Another important market for Seiko is corrugated digital single pass printing. Seiko has a very high market share in this segment, as its customers were the first to bring such applications to the market. While several other manufacturers have announced solutions for this segment that are not based on Seiko printheads, the company is convinced that it will continue to play a leading role in this market. Its printhead technology offers numerous advantages for printing on cardboard since cardboard boxes are very wavy and very light – needing to be handled accordingly on the conveyor belt.

In addition, the production environment in this market is usually very dusty, challenges that the powerful and insensitive RC1536 easily masters due to its robust design. This versatile printhead covers a wide range of inks and fluids. The constant ink flow within the circulation structure removes air bubbles and contaminants and prevents sedimentation of inks with large pigments. The high flow rate within the circulation structure ensures that the ink is constantly moving at high speed immediately behind the nozzles. This automatically regenerates the nozzles and prevents deposits, eliminating the need for routine nozzle cleaning during operation and significantly reducing ink consumption. Ink is constantly circulating, eliminating the need for pre-filling or flushing before printing.

The exceptional technology of the printheads will also be made available in other market segments. The next step is certainly the coatings segment, where the application of an even layer on a large surface can be realised relatively easily with Seiko printbars.

In the label market, it is possible to equip an analogue press with an additional printbar in order to be able to apply finishes. Coatings are also an important topic in the textile market. Think, for example, of breathable sportswear or the criterion of low flammability of fabrics. In order to achieve this, despite all the expertise surrounding the formulation, it is ultimately also a matter of applying a liquid for coating – and Seiko’s print heads in the coating sector do exactly that.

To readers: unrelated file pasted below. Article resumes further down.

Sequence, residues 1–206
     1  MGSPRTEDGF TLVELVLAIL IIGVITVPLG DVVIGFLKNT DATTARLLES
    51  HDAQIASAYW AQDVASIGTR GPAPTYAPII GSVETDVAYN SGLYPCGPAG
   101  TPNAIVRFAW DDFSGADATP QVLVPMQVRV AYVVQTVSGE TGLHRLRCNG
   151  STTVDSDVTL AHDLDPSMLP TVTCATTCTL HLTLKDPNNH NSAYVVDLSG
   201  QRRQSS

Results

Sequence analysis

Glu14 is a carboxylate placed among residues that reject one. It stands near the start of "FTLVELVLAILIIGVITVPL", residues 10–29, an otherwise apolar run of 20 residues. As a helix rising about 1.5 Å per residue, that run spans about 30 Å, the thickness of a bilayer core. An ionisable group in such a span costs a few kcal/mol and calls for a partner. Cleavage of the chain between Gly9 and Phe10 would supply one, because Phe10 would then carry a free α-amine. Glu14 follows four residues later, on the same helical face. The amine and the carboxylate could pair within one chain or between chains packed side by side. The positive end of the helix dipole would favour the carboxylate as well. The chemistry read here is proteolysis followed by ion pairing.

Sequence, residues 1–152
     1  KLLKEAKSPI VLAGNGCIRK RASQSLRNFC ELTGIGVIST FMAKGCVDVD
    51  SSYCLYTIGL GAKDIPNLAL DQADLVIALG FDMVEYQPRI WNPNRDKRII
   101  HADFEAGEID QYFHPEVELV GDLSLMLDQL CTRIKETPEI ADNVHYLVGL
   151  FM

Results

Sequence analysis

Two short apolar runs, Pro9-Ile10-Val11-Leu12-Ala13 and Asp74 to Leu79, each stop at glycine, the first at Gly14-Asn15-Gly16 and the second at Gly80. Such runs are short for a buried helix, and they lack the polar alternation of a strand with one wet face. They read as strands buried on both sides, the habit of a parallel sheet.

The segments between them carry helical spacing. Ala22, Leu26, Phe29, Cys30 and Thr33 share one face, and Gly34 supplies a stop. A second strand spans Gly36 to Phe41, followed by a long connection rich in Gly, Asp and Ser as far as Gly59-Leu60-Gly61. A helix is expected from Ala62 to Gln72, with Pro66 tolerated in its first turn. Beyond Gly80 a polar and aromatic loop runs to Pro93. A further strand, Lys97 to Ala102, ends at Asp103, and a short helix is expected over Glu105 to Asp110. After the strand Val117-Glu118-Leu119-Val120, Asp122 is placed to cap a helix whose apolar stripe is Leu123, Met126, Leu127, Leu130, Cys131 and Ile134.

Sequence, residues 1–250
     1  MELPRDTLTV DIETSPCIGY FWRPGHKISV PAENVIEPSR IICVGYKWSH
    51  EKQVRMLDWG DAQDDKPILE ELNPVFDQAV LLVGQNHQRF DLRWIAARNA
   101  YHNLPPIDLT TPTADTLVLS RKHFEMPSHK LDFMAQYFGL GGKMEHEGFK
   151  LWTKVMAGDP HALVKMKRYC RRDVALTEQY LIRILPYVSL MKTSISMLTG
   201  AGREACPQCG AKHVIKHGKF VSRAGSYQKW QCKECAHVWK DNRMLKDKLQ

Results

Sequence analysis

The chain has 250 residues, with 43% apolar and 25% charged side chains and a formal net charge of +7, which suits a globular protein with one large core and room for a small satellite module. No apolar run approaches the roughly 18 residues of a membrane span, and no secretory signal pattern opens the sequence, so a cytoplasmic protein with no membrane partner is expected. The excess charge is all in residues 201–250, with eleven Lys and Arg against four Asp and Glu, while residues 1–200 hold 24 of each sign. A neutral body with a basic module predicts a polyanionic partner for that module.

Seiko Instruments robust high performance inkjet find use in several industrial application Photo Seiko Instruments
Seiko Instruments robust high performance inkjet find use in several industrial application Photo Seiko Instruments

The biggest challenge is to find the appropriate ink formulation for the requirements of different industries. Special applications in inkjet printing require the seamless interlocking of all relevant components and parameters – i.e. the ink, the printhead, the drying device, the electronics and the ink system – like the gears of a clock. But once this is realised, the system delivers efficient and flexible printing results at the highest level. Whether a customer is already an experienced user or a complete newcomer, the requirement is always to be able to fall back on the necessary industry-specific technical know-how so that digital printing can be optimally adapted to the respective area of application. The best printing results are achieved when problems and solutions are considered holistically – objectively and purposefully, based on trust and cooperation. And to ensure that this is exactly the case, Seiko created the ideal platform in Neu-Isenburg with its demo centre, and more so with the first Open Week held there in July.

The Covid-19 pandemic led to the country-wide lockdown on 25 March 2020. It will be two years tomorrow as I write this. What have we learned in this time? Maybe the meaning of resilience since small companies like us have had to rely on our resources and the forbearance of our employees as we have struggled to produce our trade platforms.

The print and packaging industries have been fortunate, although the commercial printing industry is still to recover. We have learned more about the digital transformation that affects commercial printing and packaging. Ultimately digital will help print grow in a country where we are still far behind in our paper and print consumption and where digital is a leapfrog technology that will only increase the demand for print in the foreseeable future.

Web analytics show that we now have readership in North America and Europe amongst the 90 countries where our five platforms reach. Our traffic which more than doubled in 2020, has at times gone up by another 50% in 2021. And advertising which had fallen to pieces in 2020 and 2021, has started its return since January 2022.

As the economy approaches real growth with unevenness and shortages a given, we are looking forward to the PrintPack India exhibition in Greater Noida. We are again appointed to produce the Show Daily on all five days of the show from 26 to 30 May 2022.

It is the right time to support our high-impact reporting and authoritative and technical information with some of the best correspondents in the industry. Readers can power Indian Printer and Publisher’s balanced industry journalism and help sustain us by subscribing.

– Naresh Khanna

Subscribe Now


Please enter your comment!
Please enter your name here